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King Richard, Coeur de Rat

Dramatis Personae

1. Richard M. Nixon — President of the United States of America

2. John Mitchell — Campaign Director, Committee to Re-elect the President (CREEP), former Attorney General

3. John Dean — White House counsel

4. H. R. (Bob) Haldeman — White House Chief of Staff

5. John Erlichman — Assistant to the President for Domestic Affairs

6. Rosemary Woods — Secretary to the President

7. Alexander Haig — General, later White House Chief of Staff

8. Sammy Davis Jr. — entertainer, friend of the President

Scene I

(1972. The Oval Office, following the landslide win. Nixon, Dean, Mitchell, Haldeman, and Erlichman sit around the desk of the President.)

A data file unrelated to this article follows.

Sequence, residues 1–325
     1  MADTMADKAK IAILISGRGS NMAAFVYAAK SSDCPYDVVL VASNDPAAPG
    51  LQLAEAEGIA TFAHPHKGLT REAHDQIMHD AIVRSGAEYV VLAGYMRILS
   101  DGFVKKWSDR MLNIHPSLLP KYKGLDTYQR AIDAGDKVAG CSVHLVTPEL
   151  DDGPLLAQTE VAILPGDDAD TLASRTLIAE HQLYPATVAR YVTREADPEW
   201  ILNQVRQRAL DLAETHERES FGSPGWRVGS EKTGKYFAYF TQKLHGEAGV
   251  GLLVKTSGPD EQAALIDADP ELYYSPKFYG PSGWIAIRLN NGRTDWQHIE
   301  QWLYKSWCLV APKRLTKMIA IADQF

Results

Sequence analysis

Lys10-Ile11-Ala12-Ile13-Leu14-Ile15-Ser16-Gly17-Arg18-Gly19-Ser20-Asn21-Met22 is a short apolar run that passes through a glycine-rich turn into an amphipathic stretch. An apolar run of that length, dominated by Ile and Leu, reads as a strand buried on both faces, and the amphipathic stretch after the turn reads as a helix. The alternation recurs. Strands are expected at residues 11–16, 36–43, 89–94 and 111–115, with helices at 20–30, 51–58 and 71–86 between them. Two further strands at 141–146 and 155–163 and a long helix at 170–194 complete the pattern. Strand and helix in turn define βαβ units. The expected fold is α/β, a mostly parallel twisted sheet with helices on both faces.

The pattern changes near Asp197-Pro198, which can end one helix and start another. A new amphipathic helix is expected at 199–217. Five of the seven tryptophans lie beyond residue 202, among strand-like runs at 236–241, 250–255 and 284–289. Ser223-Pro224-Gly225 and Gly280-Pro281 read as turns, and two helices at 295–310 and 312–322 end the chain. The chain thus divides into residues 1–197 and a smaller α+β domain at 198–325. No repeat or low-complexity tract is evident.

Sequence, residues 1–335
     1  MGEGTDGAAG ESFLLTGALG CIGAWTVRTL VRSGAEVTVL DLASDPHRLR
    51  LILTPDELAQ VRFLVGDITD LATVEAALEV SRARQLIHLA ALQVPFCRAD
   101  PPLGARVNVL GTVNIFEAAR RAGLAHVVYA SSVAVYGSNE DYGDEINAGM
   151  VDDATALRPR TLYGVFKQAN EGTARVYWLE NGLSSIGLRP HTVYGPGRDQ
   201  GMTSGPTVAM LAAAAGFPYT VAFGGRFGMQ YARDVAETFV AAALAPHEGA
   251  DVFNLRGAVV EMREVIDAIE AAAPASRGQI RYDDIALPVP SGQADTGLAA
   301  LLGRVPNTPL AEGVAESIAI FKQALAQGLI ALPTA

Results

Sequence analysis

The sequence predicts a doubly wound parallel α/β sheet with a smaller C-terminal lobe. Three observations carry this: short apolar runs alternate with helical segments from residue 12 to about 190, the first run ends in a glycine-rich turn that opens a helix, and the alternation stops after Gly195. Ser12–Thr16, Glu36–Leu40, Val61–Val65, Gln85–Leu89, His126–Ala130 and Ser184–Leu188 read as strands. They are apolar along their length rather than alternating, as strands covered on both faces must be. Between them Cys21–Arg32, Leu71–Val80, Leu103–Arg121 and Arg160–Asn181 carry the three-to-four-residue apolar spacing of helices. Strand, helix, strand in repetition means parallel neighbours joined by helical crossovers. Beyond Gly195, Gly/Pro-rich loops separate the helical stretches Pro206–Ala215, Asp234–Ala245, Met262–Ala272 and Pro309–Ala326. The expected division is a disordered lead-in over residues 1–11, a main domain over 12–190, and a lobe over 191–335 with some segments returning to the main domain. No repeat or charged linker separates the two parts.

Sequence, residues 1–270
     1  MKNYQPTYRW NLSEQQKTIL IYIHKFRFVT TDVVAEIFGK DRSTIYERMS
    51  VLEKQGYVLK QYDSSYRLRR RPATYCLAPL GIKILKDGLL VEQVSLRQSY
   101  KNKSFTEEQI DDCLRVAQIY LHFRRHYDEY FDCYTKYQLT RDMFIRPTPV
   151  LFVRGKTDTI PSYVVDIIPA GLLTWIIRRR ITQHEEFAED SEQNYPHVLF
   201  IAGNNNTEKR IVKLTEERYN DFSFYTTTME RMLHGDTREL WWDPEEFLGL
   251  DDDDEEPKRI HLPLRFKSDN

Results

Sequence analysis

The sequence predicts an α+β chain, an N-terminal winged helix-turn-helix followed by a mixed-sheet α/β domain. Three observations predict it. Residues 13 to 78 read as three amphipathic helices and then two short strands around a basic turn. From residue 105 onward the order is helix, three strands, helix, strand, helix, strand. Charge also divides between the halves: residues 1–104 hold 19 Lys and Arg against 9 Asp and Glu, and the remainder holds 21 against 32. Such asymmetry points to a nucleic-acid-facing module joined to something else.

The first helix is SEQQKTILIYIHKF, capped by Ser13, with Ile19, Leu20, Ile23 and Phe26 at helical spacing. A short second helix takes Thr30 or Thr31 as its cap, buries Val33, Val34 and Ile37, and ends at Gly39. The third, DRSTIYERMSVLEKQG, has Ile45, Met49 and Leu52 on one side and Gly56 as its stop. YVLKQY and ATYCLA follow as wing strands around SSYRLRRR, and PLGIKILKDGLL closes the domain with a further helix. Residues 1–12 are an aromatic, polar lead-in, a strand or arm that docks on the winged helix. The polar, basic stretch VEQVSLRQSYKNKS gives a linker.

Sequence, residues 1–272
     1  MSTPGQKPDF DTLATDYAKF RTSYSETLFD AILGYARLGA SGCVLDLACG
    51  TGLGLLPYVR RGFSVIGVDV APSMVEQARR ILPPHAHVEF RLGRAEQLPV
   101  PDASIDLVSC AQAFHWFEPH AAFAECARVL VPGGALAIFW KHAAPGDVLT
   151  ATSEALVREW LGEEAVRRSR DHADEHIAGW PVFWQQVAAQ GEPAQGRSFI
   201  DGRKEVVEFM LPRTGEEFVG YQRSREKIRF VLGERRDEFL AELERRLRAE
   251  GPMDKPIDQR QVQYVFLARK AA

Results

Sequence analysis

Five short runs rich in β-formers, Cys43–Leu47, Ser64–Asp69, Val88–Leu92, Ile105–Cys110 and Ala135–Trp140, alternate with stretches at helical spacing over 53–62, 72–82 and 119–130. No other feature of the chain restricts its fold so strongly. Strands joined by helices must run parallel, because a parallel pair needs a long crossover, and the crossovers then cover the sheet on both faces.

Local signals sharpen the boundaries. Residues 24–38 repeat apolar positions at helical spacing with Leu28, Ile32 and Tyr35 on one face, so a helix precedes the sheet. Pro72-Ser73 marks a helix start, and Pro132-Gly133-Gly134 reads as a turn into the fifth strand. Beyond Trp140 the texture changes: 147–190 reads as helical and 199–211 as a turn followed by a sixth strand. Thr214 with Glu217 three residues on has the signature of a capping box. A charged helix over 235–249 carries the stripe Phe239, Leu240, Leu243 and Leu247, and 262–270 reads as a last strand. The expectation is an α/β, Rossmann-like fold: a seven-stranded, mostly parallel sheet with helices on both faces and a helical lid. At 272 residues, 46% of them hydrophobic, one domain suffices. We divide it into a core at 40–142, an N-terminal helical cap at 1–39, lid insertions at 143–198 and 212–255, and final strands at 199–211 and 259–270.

Nixon (spinning a globe):
Round about this world I go,
Breaking rice with men like Chou.
Round the globe with which I’ve toyed,
Downing shots with Leonid.
‘Tis fun to be far from home,
To be Caesar out of Rome!

All: Paid off, paid off, bribed and paid off;
Cash, bought; and favors paid off.

Mitchell: Set up riots to put down —
“Law and order” in each town.
Add a pinch of CIA
To get in the Bureau’s way.
Open mail and tap and spy,
All go in election pie.

All: Paid off, paid off, bribed and paid off;
Cash, bought: and favors paid off.

Dean: Have I our foes on a list!
Screw them, do you get my gist?
Bug the Demos, make a mess
Then turn loose the IRS.
There’s the license of a foe —
When up it comes, tell it “no.”
Set we up old George to lose,
Go to China to make news.
Henry’s helped to make our pow-wow —